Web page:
Described today in Science, the innovations build on the team’s earlier version of SHERLOCK (shorthand for Specific High Sensitivity Reporter unLOCKing) and add to a growing field of research that harnesses CRISPR systems for uses beyond gene editing. The work, led by researchers from the Broad Institute of MIT and Harvard and from MIT, has the potential for a transformative effect on research and global public health.

“SHERLOCK provides an inexpensive, easy-to-use, and sensitive diagnostic method for detecting nucleic acid material — and that can mean a virus, tumor DNA, and many other targets,” said senior author Feng Zhang, a core institute member of the Broad Institute, an investigator at the McGovern Institute, and the James and Patricia Poitras ’63 Professor in Neuroscience and associate professor in the departments of Brain and Cognitive Sciences and Biological Engineering at MIT. “The SHERLOCK improvements now give us even more diagnostic information and put us closer to a tool that can be deployed in real-world applications.”

The researchers previously showcased SHERLOCK’s utility for a range of applications. In the new study, the team uses SHERLOCK to detect cell-free tumor DNA in blood samples from lung cancer patients and to detect synthetic Zika and Dengue virus simultaneously, in addition to other demonstrations.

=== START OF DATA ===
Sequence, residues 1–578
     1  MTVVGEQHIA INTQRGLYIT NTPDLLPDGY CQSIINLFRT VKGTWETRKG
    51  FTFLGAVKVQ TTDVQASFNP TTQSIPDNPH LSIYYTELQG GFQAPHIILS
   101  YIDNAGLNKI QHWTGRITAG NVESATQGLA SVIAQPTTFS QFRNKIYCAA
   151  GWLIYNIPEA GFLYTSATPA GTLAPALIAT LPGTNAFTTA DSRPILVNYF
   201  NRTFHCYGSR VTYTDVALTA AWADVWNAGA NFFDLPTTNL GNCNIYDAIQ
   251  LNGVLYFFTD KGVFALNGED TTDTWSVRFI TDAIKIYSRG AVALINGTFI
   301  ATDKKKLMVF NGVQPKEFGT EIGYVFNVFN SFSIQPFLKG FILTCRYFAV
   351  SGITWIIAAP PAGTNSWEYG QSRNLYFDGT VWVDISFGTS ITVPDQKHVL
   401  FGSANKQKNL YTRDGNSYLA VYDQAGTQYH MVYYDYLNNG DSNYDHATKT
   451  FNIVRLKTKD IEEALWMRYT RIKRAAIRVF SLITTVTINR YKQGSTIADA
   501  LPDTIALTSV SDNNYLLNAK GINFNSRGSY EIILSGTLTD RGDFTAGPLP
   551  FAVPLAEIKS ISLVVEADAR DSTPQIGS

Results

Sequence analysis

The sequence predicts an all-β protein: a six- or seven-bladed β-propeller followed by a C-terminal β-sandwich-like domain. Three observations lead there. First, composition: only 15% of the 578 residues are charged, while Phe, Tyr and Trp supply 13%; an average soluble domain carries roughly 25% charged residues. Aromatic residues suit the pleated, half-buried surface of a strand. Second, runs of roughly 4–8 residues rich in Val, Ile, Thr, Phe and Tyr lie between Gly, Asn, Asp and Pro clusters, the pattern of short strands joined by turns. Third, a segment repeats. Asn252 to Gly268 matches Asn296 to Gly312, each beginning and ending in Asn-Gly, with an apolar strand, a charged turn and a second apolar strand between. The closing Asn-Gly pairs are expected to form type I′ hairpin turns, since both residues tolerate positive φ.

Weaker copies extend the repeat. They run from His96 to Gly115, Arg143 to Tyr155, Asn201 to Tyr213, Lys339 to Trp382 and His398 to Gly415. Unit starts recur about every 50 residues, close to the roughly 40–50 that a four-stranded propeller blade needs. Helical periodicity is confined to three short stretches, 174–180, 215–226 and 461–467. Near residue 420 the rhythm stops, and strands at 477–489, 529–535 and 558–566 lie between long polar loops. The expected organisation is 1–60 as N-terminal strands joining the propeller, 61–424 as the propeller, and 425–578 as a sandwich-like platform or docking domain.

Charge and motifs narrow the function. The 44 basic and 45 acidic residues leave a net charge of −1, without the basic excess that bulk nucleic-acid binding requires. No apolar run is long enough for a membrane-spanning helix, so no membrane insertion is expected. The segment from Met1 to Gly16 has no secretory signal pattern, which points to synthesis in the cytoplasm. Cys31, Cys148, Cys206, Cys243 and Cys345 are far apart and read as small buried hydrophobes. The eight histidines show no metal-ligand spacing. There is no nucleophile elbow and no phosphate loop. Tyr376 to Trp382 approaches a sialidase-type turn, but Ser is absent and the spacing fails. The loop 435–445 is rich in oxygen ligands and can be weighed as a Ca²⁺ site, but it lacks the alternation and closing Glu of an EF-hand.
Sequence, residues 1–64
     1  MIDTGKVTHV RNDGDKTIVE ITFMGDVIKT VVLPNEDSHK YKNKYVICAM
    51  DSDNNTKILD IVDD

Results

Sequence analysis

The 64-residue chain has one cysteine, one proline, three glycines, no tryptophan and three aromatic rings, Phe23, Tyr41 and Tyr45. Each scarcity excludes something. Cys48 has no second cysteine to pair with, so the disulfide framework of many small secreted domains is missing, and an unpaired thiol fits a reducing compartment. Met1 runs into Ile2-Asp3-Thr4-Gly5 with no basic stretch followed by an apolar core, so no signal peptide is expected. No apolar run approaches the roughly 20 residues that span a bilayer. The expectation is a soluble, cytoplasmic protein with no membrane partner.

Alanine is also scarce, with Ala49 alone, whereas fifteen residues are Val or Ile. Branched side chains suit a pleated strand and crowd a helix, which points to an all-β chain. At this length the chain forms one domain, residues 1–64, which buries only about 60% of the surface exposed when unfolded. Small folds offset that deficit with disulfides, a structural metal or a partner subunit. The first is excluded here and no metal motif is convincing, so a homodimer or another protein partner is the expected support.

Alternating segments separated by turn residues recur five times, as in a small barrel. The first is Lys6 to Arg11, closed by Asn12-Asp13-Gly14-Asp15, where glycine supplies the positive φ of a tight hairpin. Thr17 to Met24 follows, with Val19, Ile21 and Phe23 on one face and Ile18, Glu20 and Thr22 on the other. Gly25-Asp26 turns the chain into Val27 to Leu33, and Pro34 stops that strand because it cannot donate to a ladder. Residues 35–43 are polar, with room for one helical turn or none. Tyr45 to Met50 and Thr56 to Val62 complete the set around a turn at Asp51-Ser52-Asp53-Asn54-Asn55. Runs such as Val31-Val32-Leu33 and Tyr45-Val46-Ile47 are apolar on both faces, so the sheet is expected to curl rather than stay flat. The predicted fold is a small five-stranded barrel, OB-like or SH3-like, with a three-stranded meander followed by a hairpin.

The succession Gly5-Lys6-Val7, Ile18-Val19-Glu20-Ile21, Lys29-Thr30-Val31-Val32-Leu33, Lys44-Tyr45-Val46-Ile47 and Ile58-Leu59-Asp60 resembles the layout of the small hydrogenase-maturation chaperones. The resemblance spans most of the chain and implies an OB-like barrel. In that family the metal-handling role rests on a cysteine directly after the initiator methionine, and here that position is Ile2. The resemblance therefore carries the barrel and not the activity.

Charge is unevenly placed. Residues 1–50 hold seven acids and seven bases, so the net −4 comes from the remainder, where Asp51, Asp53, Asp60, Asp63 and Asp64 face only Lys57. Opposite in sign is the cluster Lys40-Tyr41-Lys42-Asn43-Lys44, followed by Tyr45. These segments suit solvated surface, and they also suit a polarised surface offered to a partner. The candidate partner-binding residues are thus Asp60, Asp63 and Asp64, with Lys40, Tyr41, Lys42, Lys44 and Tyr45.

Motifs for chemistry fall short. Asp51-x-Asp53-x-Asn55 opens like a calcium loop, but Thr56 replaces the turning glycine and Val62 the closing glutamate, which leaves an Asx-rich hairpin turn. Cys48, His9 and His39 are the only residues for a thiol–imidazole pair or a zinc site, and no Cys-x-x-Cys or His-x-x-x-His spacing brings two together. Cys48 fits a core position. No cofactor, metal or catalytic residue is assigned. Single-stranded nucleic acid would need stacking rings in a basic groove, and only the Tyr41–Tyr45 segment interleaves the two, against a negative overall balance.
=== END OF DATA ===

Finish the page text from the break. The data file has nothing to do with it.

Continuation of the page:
Clear results on a paper strip

“The new paper readout for SHERLOCK lets you see whether your target was present in the sample, without instrumentation,” said co-first author Jonathan Gootenberg, a Harvard graduate student in Zhang’s lab as well as the lab of Broad core institute member Aviv Regev. “This moves us much closer to a field-ready diagnostic.”

The team envisions a wide range of uses for SHERLOCK, thanks to its versatility in nucleic acid target detection. “The technology demonstrates potential for many health care applications, including diagnosing infections in patients and detecting mutations that confer drug resistance or cause cancer, but it can also be used for industrial and agricultural applications where monitoring steps along the supply chain can reduce waste and improve safety,” added Zhang.

At the core of SHERLOCK’s success is a CRISPR-associated protein called Cas13, which can be programmed to bind to a specific piece of RNA. Cas13’s target can be any genetic sequence, including viral genomes, genes that confer antibiotic resistance in bacteria, or mutations that cause cancer. In certain circumstances, once Cas13 locates and cuts its specified target, the enzyme goes into overdrive, indiscriminately cutting other RNA nearby. To create SHERLOCK, the team harnessed this “off-target” activity and turned it to their advantage, engineering the system to be compatible with both DNA and RNA.

SHERLOCK’s diagnostic potential relies on additional strands of synthetic RNA that are used to create a signal after being cleaved. Cas13 will chop up this RNA after it hits its original target, releasing the signaling molecule, which results in a readout that indicates the presence or absence of the target.

Multiple targets and increased sensitivity